References in classic literature ?
From the nearer trees the men of Mbonga saw the lion lower his great head and seize one of his victims by the shoulder and then with slow and stately tread move down the village street past the open gates and on into the jungle.
A full hour elapsed after the lion had disappeared with his feast before the blacks ventured down from the trees and returned to their village.
The feel of the long spear shaft in his hand and the sight of the tree beyond the lion gave the lad an idea--a preposterous idea--a ridiculous, forlorn hope of an idea; but there was no time now to weigh chances--there was but a single chance, and that was the thorn tree.
The lion stood with wide, round eyes awaiting the attack, ready to rear upon his hind feet and receive this rash creature with blows that could crush the skull of a buffalo.
"Follow up," Collins enunciated, himself following, rapping the nose again sharply and accelerating the lion's backward retreat.
"When a lion yawns in the thick of a fight, you know he ain't crazy.
"I didn't bite him," said the Lion, as he rubbed his nose with his paw where Dorothy had hit it.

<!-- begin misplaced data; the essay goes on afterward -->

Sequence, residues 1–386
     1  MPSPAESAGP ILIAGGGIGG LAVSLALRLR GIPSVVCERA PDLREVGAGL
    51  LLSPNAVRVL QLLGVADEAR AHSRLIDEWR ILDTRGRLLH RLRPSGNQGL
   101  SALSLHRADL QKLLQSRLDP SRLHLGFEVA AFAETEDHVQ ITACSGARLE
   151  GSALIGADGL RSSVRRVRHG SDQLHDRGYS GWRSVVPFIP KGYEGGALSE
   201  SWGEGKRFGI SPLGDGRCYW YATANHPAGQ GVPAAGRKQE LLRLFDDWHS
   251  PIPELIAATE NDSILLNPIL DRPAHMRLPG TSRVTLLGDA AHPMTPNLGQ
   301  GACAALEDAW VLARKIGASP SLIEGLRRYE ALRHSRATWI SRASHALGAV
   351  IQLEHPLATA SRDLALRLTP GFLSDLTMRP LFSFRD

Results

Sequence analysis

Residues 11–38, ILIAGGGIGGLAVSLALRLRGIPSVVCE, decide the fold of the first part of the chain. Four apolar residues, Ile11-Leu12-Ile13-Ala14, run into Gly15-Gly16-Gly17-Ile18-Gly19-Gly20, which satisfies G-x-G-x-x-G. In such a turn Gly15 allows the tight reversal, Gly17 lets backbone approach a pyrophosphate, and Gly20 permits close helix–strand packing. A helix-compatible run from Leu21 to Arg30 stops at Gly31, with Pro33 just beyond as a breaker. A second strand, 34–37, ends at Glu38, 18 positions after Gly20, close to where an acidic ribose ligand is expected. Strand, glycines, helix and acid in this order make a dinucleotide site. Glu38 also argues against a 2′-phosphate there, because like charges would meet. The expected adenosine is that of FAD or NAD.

"I know it," said the Lion, hanging his head in shame.
My brethren, wherefore is there need of the lion in the spirit?
He was the lion-tamer, and he had the self-same trick of putting his head into the lion's mouth.
"Help's pretty hard to get these days," said the lion. "Animals don't seem to want to work any more.
Immediately he was rewarded by the sound of a movement within the cave and an instant later a wild-eyed, haggard lion rushed forth ready to face the devil himself were he edible.
So far did his unparalleled madness go; but the noble lion, more courteous than arrogant, not troubling himself about silly bravado, after having looked all round, as has been said, turned about and presented his hind-quarters to Don Quixote, and very coolly and tranquilly lay down again in the cage.
'You have deceived me, they are men, for they have not looked at the spinning-wheels.' The lion replied: 'They have restrained themselves.' The king, however, would no longer believe the lion.
Had Tarzan been famished he would, doubtless, have stood his ground and met the lion's charge.